Dose adjustments are not required for patients with impaired renal function. There are no data in patients with end-stage renal disease undergoing dialysis, and use of BRIVIACT is not recommended in this patient population [see CLINICAL PHARMACOLOGY ].
Because of increases in BRIVIACT exposure, dosage adjustment is recommended for all stages of hepatic impairment [see DOSAGE AND ADMINISTRATION and CLINICAL PHARMACOLOGY ].
There is limited clinical experience with BRIVIACT overdose in humans. Somnolence and dizziness were reported in a patient taking a single dose of 1400 mg (14 times the highest recommended single dose) of BRIVIACT. The following adverse reactions were reported with BRIVIACT overdose: vertigo, balance disorder, fatigue, nausea, diplopia, anxiety, and bradycardia. In general, the adverse reactions associated with BRIVIACT overdose were consistent with the known adverse reactions.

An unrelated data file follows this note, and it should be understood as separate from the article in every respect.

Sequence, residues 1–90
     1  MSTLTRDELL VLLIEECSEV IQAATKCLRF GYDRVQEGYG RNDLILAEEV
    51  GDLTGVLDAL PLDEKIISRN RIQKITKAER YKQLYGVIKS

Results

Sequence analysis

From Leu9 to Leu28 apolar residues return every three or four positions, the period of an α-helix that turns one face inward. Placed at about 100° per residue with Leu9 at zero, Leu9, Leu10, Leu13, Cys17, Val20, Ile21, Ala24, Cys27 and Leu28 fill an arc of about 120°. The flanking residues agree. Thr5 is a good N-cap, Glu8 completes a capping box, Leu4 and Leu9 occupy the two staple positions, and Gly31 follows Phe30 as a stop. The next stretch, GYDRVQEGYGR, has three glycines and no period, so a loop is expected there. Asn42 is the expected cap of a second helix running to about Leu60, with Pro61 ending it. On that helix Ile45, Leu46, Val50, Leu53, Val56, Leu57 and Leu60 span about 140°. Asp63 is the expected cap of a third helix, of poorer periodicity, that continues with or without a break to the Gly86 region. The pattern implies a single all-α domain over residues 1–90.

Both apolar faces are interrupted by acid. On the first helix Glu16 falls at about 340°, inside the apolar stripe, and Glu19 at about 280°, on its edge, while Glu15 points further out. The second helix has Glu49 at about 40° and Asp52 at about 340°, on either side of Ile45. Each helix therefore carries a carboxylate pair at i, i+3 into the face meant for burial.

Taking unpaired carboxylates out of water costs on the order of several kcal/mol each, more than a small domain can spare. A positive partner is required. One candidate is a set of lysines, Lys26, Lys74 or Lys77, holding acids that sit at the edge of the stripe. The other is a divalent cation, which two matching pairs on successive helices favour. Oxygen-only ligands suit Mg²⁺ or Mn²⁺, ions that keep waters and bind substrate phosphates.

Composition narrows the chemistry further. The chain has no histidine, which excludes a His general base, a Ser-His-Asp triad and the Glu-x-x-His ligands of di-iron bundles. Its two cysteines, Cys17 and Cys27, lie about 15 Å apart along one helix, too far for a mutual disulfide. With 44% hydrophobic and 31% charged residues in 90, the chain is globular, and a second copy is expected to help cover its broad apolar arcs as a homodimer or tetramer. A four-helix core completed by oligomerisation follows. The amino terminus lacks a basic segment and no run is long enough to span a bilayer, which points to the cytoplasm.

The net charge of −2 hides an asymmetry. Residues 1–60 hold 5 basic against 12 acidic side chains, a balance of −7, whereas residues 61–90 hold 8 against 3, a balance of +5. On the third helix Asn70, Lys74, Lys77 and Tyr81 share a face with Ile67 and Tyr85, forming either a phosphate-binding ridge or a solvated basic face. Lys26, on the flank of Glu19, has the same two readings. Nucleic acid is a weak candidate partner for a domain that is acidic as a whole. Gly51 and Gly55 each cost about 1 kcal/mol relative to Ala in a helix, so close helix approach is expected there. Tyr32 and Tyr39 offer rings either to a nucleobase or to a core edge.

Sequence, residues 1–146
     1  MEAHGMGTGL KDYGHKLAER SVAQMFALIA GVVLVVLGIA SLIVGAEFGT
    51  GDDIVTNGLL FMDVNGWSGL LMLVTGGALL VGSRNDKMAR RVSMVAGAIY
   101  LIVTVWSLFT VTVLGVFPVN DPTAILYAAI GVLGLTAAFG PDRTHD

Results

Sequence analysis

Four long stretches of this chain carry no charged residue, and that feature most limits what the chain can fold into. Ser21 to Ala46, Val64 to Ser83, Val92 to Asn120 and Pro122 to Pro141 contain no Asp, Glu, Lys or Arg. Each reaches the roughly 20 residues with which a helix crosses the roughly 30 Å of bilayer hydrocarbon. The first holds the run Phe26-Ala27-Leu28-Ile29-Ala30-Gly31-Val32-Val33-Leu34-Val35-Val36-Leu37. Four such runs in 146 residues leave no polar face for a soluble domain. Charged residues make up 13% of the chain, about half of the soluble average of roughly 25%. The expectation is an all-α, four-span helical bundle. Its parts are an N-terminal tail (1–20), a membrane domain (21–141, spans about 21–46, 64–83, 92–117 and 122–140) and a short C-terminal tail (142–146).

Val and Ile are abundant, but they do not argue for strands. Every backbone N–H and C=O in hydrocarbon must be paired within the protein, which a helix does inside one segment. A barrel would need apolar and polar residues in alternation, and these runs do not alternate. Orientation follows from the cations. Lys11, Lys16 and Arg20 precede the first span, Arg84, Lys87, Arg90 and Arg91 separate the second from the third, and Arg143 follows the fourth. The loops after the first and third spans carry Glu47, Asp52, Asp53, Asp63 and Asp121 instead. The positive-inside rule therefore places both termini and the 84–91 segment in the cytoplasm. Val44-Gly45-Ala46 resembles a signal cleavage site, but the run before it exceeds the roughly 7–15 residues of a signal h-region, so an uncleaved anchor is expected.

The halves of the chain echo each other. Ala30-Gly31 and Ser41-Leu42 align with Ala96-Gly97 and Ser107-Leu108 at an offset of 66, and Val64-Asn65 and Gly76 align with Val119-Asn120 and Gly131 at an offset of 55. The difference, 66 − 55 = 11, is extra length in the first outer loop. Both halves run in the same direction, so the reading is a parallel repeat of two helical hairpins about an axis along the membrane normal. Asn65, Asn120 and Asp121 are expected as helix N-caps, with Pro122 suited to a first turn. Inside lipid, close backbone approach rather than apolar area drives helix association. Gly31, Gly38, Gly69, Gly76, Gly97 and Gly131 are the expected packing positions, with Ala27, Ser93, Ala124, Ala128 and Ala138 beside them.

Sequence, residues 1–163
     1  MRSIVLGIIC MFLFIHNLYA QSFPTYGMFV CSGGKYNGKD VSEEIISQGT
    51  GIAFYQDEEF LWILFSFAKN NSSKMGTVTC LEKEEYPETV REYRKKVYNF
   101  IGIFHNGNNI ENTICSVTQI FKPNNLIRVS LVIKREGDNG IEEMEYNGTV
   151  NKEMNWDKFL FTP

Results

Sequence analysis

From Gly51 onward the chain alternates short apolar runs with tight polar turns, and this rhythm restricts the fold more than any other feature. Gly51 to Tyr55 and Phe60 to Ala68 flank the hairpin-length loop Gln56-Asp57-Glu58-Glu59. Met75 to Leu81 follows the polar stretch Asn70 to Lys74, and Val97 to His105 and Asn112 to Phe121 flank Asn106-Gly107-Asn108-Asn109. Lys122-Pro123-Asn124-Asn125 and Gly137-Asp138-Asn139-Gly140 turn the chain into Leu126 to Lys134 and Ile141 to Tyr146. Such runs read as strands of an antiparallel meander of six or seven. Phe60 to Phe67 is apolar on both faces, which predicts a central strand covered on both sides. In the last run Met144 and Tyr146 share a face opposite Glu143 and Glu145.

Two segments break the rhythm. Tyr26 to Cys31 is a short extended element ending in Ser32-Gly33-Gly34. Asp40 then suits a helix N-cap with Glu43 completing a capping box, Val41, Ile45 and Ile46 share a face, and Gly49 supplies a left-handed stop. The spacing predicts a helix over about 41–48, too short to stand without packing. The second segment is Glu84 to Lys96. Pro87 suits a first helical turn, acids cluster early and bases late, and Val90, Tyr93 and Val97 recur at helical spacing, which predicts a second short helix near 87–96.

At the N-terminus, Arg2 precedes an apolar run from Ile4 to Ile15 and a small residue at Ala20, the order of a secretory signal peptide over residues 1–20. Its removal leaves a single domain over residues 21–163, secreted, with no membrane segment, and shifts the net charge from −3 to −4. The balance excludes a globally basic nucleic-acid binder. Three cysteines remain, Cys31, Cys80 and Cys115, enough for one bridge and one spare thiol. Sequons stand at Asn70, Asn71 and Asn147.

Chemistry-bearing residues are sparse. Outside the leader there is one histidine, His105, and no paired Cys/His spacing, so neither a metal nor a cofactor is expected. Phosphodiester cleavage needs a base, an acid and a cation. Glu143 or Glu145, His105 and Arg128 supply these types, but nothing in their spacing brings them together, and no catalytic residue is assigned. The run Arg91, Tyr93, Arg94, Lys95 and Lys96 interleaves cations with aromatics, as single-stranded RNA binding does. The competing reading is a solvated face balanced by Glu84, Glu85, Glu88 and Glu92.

There is no specific antidote for overdose with BRIVIACT. In the event of overdose, standard medical practice for the management of any overdose should be used. An adequate airway, oxygenation, and ventilation should be ensured; monitoring of cardiac rate and rhythm and vital signs is recommended. A certified poison control center should be contacted for updated information on the management of overdose with BRIVIACT. There are no data on the removal of brivaracetam using hemodialysis, but because less than 10% of brivaracetam is excreted in urine, hemodialysis is not expected to enhance BRIVIACT clearance.
Hypersensitivity to brivaracetam or any of the inactive ingredients in BRIVIACT (bronchospasm and angioedema have occurred) [seeWARNINGS AND PRECAUTIONS].
Mechanism Of Action
The precise mechanism by which BRIVIACT exerts its anticonvulsant activity is not known. Brivaracetam displays a high and selective affinity for synaptic vesicle protein 2A (SV2A) in the brain, which may contribute to the anticonvulsant effect.
Interactions With Alcohol